The three questions that inspired my reflection are as follows. What aspects of the creative process expanded your comfort zone the most and how did it make you feel in the moment? Who did you meet through the project that inspired you and why? How do you imagine the audience perceived the performance, what aspects may have influenced their perception?

The city of Richmond has so many different opportunities to offer.  Joining a new community or project is something that was extremely exciting but also nerve racking for me. There were many moving parts within this creative project and often I felt lost, having to trust that someone would guide me and that everything would workout at the end. Never knowing what to expect, I kept an open mind to the process used to create this elaborate performance, commemorating the space and our ancestors that brought us here. For me, this performance process expanded my comfort zone, connected me to many people I never would have met, and showed me how a diverse audience can come together and become part of the performance.

The part of the creative process that made me step out of my comfort zone and expand myself was during the performance when we had to make impulsive decisions based on everything we had prepared. It was the first piece I had ever performed where I had to physically interact and react to the audience, which made it difficult to prepare for because each audience reacts differently. During class, we created a set of agreements that we all decided to follow and to keep in mind during the creative process. Two examples of these were to “trust the process” and to “encounter the growing edge.” Both principles came into use as we moved from the studio to the site because I had no idea what was expected, and each rehearsal brought new awareness and material to the project. It wasn’t until the first dress rehearsal we had that I saw that there would be community members performing as well as the four professional dancers that had also been at the first march that we attended. Slowly seeing all these pieces come together made me trust in the process stronger than before because I started witnessing the creative process start to really develop. Although, the process wasn’t through until the final night when we were all present, in costume, and our last piece, the audience, was present.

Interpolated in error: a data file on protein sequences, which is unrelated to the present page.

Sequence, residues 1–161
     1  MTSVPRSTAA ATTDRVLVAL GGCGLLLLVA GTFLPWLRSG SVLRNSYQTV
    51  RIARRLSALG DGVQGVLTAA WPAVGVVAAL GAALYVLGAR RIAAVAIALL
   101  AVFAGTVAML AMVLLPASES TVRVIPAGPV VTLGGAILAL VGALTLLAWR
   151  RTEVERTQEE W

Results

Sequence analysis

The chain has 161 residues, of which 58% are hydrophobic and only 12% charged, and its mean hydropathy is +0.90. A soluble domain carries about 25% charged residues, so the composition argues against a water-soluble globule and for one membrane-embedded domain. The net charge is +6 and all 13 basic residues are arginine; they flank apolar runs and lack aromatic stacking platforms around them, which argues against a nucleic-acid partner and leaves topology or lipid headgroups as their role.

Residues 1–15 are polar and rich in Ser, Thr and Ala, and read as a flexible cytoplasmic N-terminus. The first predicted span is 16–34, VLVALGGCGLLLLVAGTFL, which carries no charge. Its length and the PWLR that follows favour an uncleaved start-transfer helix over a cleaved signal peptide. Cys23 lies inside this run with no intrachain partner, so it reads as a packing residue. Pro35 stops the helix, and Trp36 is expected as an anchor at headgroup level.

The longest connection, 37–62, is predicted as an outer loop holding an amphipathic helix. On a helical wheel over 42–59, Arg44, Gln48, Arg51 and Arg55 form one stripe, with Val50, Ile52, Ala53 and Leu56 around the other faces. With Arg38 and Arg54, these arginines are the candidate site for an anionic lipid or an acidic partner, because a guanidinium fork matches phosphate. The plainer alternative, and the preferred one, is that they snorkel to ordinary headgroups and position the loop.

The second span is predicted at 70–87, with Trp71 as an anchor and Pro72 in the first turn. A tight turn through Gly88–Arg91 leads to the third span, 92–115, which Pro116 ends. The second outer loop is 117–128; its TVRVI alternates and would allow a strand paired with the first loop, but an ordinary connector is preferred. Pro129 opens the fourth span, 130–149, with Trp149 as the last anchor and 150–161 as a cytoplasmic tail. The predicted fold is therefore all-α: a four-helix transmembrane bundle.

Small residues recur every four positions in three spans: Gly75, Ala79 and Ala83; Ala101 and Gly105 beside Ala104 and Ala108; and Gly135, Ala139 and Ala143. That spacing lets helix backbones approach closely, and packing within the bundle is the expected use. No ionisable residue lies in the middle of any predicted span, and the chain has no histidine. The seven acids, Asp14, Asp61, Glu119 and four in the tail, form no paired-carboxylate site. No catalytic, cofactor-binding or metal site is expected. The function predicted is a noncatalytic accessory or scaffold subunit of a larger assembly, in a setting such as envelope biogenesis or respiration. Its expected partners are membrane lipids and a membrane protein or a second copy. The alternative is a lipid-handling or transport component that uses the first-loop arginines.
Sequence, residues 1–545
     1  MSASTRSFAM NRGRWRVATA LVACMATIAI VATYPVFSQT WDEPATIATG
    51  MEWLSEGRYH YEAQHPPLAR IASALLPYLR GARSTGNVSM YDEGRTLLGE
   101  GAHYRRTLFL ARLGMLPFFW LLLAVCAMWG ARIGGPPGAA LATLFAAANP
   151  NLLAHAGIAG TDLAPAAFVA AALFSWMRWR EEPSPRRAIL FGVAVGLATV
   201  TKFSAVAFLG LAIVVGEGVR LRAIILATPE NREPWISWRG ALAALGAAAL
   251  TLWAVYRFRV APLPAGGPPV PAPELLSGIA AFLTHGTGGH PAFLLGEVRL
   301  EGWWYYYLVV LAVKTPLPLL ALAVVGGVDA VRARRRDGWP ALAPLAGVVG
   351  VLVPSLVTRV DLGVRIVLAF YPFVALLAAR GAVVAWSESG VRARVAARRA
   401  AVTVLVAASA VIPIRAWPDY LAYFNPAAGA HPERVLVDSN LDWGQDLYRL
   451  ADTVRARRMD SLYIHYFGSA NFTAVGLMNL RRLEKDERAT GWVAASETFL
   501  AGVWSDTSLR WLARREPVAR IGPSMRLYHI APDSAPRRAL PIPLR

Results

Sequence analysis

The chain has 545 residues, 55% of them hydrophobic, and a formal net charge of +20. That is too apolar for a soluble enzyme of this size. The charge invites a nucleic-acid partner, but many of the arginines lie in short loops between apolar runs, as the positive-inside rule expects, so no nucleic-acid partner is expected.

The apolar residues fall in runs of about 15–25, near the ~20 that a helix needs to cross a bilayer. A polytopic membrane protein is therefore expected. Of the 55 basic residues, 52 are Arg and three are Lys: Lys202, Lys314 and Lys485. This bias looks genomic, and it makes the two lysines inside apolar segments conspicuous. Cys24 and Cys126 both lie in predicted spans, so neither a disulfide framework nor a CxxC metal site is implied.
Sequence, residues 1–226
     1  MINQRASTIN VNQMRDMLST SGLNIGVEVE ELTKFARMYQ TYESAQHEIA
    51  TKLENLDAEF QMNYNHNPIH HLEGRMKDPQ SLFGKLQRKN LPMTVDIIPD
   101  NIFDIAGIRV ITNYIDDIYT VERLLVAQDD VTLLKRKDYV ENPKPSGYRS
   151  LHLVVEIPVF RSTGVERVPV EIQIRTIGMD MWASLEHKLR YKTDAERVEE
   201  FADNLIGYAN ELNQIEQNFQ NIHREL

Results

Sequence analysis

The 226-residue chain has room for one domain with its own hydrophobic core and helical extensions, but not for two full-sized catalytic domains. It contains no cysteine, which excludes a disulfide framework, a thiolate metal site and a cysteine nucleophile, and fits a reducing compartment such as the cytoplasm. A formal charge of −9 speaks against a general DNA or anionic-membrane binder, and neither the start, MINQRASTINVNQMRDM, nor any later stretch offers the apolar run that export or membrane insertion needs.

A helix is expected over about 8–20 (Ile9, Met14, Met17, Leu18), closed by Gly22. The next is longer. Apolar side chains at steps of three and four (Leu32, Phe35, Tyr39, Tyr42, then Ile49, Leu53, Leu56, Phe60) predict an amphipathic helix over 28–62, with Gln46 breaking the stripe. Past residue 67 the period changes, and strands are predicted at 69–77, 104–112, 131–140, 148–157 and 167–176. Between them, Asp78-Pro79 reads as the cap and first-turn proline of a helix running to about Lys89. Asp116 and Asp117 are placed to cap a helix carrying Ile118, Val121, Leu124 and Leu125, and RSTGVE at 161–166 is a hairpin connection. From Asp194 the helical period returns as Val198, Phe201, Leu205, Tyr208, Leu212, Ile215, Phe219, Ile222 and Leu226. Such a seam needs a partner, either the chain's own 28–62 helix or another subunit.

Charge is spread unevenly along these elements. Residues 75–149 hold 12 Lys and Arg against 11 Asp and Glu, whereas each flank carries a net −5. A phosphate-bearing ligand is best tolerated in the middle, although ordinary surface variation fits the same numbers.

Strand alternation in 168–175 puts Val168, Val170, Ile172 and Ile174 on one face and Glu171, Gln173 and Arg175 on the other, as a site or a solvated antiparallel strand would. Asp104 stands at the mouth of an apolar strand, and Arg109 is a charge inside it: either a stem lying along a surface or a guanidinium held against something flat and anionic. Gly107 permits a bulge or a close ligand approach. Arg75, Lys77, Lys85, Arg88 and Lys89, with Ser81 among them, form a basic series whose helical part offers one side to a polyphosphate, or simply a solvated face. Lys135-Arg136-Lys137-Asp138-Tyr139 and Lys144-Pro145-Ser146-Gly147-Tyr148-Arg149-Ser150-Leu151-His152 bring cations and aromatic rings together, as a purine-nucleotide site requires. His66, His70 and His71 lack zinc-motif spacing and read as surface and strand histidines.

Having an audience there really played to the principle of embracing the growing edge because it made me try something I’ve never done and make fast decisions on my feet. Having a large audience also changed the dynamic of the performance because it made the space feel occupied and alive. We were working in the medium of bodies which is much harder to navigate then open space. It also made me think a lot, even during the performance, about what the audience thought of the performance and how they may have felt occupying the stage. It also made me think about how everyone was looking at the same performance, but no one was seeing the same thing. I felt the reactions to the performance were very diverse, just like the audience that came to witness the piece. Depending on each person’s background and biases they would interpret the performance differently. Those coming with some background knowledge on Brother General Gabriel would understand and maybe enjoy the performance more than someone who has no idea about what had taken place. It was also interesting to compare my own view of the performance with some of my friends, because they were getting the full effect of the performance with the music, whereas we were dancing in silence. Some of my favorite comments that I heard from the audience after the performance were, “I loved the running part in the tunnel because it felt like you were pushing through the masses.” Another was, “I don’t know how you did it, but you were perfectly with the music, it was like each move had a note.” The second comment was personally very intriguing, and I wish I had gotten a chance to listen to the music while we performed. Peoples reactions to the piece were interesting to watch as we moved through the sections because there were so many different responses, which made each performance unique.

This project also created an opportunity to build community. In the weeks we were working on the project we got to know students, faculty, and community members that we may have never gotten the chance to meet otherwise. One of these wonderful people was Free Egunfemi who was one of the co-directors of the project. When we went to the Virginia Museum of History and Culture to visit the exhibit “Determined,” it was inspiring to listen to her story and beliefs of why and how she had started Untold RVA. Her conclusion was that for her it was about lifting up the stories of the black lives in the way she wanted to and not to rely on others. It was educational and inspiring to hear her opinion and to think of my own when it came to the subject of black lives in Richmond. Being in a group where everyone respected each other’s opinions it was refreshing and mind opening, getting to talk about these different issues.

Overall, this creative process was very different from anything else I have ever participated in and I am glad I got to be apart of it. Before this project I had never explored topics of racism in death and what it means to disrespect a burial ground. It was also fascinating to see how a community has been built to support and fight for the African Burial Ground and that we were able to join that community for a little while.